This week I’ve been rocking out my 2nd draft and I’m pretty excited about it. For 2nd drafts, I don’t necessarily look at sentence structure, grammar, or spelling (my fast drafting critique buddies are graciously putting up with these errors right now!).
Instead, I’m dealing with plot structure, character motivation, tightening and bridging gaps in the story.
Here’s my breakdown:
1. Big picture- I pull out my giant chart and glance over how the story moves and flows. Are there any scenes missing? Did I bring all the key points and clues into the story? When I look at the structure, I ask myself if the scenes are in the right order to give the story a solid ending.
2. The 50 Page Dash– You might have heard this term before and I think it’s a great one. In these pages, I like to make sure I’m drawing my readers in, introducing the main problem for the story, and making things tough for my main character.
3. Complications– Next I look at my scenes. Do they complicate the story in a way that it drives my character to action and reveals or builds my character? Each scene must push the story forward and raise the stakes.
More great links on plotting and revising:
1. Elana’s thoughts on QueryTracker
2. Sarah has some great ideas at If You Give a Girl a Pen
3. Gale Carson Levine talks about Plot Luck
4. Tons of great stuff on revision over at Kidlit.com
What you do when you work on your 2nd draft? I’d love to hear your ideas!
Love the flowers!
Great question. I find that each novel is different – and is usually at a different stage in the second draft, depending on how well I’ve stuck to my outlines.
I love your breakdown though!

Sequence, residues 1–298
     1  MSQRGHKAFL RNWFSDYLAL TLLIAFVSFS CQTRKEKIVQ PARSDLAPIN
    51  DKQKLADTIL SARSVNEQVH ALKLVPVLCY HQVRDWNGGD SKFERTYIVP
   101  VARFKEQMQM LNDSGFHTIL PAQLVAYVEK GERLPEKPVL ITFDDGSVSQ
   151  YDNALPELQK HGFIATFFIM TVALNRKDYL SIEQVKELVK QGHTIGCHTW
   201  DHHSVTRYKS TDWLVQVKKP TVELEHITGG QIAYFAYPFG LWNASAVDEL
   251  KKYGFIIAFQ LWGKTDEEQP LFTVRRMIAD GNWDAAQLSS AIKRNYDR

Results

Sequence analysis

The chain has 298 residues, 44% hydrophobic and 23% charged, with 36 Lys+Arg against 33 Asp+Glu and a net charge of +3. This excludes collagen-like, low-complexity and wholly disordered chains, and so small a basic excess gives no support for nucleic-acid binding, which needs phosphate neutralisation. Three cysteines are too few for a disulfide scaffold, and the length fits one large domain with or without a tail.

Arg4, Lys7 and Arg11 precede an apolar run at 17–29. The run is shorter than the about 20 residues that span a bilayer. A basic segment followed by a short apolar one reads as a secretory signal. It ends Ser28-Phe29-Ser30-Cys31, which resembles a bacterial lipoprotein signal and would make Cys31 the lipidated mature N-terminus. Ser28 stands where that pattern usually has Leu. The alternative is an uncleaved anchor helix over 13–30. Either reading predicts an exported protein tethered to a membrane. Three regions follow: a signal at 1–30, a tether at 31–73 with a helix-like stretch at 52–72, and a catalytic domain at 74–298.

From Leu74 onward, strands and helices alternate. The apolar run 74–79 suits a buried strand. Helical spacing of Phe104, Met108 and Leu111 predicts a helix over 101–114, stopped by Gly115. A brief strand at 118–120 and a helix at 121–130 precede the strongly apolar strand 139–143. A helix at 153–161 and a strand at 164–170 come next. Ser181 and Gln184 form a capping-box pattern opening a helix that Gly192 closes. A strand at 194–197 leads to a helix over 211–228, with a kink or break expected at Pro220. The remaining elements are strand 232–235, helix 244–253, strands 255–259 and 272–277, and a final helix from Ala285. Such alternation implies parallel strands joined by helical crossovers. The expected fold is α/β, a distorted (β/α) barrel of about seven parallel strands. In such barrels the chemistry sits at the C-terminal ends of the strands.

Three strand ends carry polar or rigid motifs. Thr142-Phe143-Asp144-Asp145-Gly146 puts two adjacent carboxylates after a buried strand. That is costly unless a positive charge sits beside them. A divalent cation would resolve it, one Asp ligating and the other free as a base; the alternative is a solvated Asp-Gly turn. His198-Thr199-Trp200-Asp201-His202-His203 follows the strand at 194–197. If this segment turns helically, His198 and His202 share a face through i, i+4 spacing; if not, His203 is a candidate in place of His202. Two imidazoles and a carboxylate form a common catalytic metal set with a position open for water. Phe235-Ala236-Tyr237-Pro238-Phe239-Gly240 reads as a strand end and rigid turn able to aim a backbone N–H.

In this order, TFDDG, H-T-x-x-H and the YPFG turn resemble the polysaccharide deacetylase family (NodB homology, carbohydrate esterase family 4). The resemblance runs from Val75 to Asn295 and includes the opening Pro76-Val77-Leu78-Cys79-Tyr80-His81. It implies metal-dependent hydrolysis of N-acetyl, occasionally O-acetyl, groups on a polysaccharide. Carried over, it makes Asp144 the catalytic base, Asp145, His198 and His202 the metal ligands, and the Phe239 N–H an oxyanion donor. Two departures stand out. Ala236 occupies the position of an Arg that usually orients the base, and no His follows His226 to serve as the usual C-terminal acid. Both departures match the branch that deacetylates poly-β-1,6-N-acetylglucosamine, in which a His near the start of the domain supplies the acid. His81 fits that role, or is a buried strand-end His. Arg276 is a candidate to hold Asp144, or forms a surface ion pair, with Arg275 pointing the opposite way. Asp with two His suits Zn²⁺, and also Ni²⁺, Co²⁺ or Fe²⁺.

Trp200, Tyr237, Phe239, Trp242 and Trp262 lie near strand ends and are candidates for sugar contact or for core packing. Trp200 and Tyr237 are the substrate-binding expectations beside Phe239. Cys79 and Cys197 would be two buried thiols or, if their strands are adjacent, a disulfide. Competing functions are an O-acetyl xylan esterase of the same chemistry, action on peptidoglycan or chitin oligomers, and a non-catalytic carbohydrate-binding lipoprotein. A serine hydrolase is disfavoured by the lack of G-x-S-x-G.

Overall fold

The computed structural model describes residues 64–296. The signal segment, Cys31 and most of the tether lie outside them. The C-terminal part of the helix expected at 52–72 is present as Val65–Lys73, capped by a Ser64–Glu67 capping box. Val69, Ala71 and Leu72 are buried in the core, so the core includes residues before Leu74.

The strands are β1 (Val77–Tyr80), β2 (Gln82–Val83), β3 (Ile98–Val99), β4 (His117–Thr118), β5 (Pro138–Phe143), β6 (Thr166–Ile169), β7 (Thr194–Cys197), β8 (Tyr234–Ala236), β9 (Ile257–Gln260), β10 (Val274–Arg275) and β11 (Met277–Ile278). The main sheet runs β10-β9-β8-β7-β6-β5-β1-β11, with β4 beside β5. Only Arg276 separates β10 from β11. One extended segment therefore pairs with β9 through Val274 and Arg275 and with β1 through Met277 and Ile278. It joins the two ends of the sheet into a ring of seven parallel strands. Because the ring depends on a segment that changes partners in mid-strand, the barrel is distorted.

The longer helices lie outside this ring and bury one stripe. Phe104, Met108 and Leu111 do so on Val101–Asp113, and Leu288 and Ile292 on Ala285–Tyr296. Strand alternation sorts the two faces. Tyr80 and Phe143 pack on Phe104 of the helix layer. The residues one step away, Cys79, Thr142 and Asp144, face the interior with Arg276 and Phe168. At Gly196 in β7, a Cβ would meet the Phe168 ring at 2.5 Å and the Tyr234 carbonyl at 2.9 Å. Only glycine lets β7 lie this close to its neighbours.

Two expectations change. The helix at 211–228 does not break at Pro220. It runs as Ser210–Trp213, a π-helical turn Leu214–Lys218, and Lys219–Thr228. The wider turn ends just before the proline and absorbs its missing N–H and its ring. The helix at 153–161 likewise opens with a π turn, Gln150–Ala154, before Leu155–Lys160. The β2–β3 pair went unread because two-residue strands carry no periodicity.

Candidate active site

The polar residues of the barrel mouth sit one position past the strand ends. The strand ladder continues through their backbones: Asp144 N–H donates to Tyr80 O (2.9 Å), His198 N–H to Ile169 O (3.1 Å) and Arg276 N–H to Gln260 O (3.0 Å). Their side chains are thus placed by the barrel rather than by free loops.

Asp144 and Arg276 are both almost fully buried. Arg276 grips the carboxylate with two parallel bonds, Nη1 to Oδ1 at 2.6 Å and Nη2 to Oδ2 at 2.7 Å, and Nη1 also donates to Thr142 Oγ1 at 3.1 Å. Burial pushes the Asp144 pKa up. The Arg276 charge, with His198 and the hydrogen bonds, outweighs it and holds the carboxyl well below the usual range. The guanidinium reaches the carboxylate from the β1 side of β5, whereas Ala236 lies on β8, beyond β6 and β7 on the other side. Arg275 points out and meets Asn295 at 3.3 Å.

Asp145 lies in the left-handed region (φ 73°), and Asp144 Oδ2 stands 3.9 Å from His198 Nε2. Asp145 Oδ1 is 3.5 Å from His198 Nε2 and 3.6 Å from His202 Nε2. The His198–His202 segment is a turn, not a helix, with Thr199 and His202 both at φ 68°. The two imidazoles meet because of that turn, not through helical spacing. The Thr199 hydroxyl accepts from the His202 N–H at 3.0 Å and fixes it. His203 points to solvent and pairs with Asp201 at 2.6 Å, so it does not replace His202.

Have a great weekend and good luck with revisions!
Great practical information Christina. Thanks!
I’m one of those edit as you go, then edit, then edit, then edit. I don’t have a set procedure. I really like this idea though. More focused on particular areas to work on.
Thanks for the idea 🙂
I’m like you. Second draft is for structure, characters in the right places, story making sense.
Great post, Christy. I’m going to try your approach!
you are so organized!
That’s a great breakdown list, Christina! I’m a messy, all-over-the-board 2nd drafter but lately I’ve been trying to follow a lot of Plot Whisperer’s advice and that’s been helping stay focused.
Thanks for sharing!
For me the 2nd draft is checking for the ease of transition for the reader to grasp the tension of each moment stacked upon another.
The last third of the novel is the kicker. Haven’t you read a really thrilling, intense novel, only to have it fizzle for you at the end?
You go : is that it? was that where you were heading all this time?
Thanks for all the practical informantion on your own 2nd draft. It really was helpful. Have a great, productive week, Roland
Come check out my blog, WRITING IN THE CROSSHAIRS, pull up a cyber-chair and see if there is anything worthwhile to view.
Happy Monday, Roland
Talli- The flowers are the cherry blossoms that have bloomed here in Seoul. The whole city is filled with them!
Jackee- I haven’t heard of the Plot Whisperer, but it sounds like that cool movie, the Horse Whisperer, which I loved.
Roland- great ideas! Thanks!
I love these ideas! What I mainly do in 2nd drafts, I think, is fix implausible stuff. If something isn’t believeable, there’s not much point in going further with it unless you improve it or ax it.
Excellent system!!! Good Luck on the continuation! I’m only on the first set of revisions and I’m focusing on breaking up pieces into paragraphs, filling in the blanks, spelling, grammar and punctuation… yup my rough draft was ROUGH!
Sad to say I haven’t gotten to a second draft. Plodding through the first, but appreciate the good ideas you’ve given.
I’m very similar to what you do–I revise the first fifty pages and focus on the big stuff.
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For the second draft I check for consistency and make sure there are no plot holes. I also add and delete scenes and characters.